To manage these competing priorities, Clarins’s leaders set up the company squads. The first squad was made up of the executive committee, including the CEO, the main functional heads, and the heads of the three business divisions, plus a few other non-C-suite executives. It focused on the question What now? to ensure business continuity during the crisis. This squad had five missions: protecting the health and safety of clients and employees, enabling staff to work remotely, keeping morale high among employees, preserving the top line, and retaining cash.
To boost efficiency, the first squad made instant decisions applicable worldwide, short-circuiting the internal bureaucracy and country managers’ prerogatives. As the squad met remotely, the team members soon realized they needed a shorter, more decisive, and more continuous approach to suit the new digital working format. They started to focus on shorter meetings structured around disseminating information, defining problems, having discussions, making decisions, and communicating on the spot to the organization to give employees a sense of direction and create a basic sense of stability.
The two other types of squads set up across the organization, designed to be small, cross-functional, and cross-hierarchical teams, were tasked with liaising with consumers, public authorities, retailers, distributors, suppliers, and other stakeholders to learn and continuously adapt Clarins’s responses accordingly. For quicker and more locally relevant decisions, every country where Clarins ran a division formed a second and third squad. Each of these squads included digital talent to enable its mission.
In the second type of squad, employees focused on the question What next? These squads had two roles. First, they were accountable for determining when and how operations could be resumed in their country after lockdown. These squads worked on issues such as defining the conditions for reopening physical stores, offices, and plants; rescheduling new product launches; and rebalancing investments between conventional and digital media. Second, they would update other squads in countries that were at different stages of the pandemic. For example, lessons learned in Europe could be transferred to the Americas.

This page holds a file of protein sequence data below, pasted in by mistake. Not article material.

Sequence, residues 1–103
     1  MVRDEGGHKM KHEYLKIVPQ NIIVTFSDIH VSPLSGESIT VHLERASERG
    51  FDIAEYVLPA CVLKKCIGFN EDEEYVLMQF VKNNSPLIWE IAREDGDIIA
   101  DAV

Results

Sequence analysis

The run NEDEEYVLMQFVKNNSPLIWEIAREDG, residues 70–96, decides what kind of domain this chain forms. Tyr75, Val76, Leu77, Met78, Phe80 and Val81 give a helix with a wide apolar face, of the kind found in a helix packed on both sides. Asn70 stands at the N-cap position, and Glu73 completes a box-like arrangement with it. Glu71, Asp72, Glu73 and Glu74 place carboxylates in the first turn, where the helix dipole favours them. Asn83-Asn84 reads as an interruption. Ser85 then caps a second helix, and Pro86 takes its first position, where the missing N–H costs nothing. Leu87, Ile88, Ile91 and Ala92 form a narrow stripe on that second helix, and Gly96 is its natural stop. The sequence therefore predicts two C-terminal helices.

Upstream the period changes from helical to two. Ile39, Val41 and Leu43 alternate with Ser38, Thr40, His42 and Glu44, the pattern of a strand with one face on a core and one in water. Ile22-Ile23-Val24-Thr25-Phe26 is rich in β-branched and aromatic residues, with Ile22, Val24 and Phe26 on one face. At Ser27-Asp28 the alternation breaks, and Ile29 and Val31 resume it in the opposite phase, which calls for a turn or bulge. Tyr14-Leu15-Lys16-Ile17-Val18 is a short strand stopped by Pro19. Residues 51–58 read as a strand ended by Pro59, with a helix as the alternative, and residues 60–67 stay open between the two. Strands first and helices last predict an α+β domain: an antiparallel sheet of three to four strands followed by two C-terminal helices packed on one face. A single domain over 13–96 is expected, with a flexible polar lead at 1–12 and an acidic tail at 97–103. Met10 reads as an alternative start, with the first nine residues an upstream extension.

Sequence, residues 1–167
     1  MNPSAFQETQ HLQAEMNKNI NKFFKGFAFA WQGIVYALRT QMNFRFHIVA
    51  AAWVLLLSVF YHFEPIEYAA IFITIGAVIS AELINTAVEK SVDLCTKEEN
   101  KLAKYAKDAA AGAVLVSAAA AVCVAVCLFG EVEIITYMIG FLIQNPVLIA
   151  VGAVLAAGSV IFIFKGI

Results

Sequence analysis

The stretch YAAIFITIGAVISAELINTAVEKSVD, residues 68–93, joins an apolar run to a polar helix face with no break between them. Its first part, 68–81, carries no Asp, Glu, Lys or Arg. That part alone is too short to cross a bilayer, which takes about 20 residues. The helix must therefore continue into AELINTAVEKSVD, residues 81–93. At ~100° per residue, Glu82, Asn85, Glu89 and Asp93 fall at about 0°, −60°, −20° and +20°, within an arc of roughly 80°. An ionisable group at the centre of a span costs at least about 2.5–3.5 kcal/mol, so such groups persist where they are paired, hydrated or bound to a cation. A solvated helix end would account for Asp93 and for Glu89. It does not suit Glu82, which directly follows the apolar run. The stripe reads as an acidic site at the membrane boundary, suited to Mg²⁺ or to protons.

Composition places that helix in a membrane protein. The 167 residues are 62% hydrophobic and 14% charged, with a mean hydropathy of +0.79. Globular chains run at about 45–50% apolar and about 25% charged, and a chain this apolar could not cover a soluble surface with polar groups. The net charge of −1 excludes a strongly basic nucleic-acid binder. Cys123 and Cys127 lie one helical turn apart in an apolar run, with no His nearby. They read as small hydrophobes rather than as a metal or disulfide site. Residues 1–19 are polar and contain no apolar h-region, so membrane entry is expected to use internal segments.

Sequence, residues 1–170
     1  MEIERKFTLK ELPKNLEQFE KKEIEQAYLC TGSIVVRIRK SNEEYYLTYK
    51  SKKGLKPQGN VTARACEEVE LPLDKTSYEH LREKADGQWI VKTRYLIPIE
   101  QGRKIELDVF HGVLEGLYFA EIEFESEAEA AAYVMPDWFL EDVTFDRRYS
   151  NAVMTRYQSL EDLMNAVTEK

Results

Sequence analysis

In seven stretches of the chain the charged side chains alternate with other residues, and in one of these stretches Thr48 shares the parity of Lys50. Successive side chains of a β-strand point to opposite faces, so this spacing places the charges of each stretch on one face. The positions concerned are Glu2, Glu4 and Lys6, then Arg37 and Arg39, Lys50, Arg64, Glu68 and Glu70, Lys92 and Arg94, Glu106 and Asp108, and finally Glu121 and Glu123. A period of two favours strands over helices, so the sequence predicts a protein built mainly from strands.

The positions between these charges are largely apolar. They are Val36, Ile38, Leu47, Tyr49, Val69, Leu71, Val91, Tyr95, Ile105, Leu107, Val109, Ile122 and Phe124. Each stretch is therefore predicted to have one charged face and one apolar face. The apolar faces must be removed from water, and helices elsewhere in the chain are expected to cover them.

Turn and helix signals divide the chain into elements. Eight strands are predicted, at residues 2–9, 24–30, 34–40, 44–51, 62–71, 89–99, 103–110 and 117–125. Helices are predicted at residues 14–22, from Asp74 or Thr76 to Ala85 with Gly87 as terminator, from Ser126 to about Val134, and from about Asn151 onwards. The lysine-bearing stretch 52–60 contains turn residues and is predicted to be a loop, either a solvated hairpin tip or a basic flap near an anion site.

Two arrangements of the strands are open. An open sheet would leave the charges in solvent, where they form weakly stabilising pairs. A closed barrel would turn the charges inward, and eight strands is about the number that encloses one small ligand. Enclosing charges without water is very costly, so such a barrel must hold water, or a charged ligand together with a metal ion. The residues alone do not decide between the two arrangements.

The third type of squad focused on the question What if? and prepared for various contingencies — both offensive and defensive — when there were strong unknowns. Again, each squad had to determine which contingencies would materialize in its country and to share its insights with the other squads globally. For example, what if the country did not reopen within three weeks? What if customers needed to wear masks in stores: Would it reassure them or put them off altogether? What if 30 percent of intermediaries disappeared? These squads were also scanning for the more fundamental changes in consumer behaviors, competition, and technology that would affect Clarins’s strategy once the health crisis receded.
For instance, in the United Arab Emirates, the local What if? squad decided at the outset of lockdown to move all the inventory from the now-closed stores to a temporary warehouse. In only three days, using the CRM system put in place pre-crisis, they were able to switch from store pickup to home delivery to avert a sales free fall. The squad also created an online appointment option so that boutique sales staff could provide regular personalized beauty advice to consumers via their mobile phones.
In France, the What if? squad came up with a digital-to-human solution to keep consumers engaged. Clarins France unveiled an appointment system on its website to allow consumers to book consultations with Clarins beauty advisors via Apple FaceTime or Microsoft Teams. By using these conversations to recommend relevant products to consumers, the advisors kept selling products despite constraints on in-person interactions.
Although it is perhaps too early to declare victory, the Clarins experiment is an encouraging sign that this type of organizational innovation, up to this point largely experimental, could bear lasting fruit. Moreover, the company has been able to strengthen its direct relationships with consumers and to protect some of its revenues by mobilizing the collective power of employees at all levels of the organization. Christian Laurent, president of Clarins Group’s travel retail and export worldwide division, told us, “Many companies ignore uncertainty or remain paralyzed by it. Rolling out the three squads allowed Clarins to place the external uncertainty at the core of our organization.”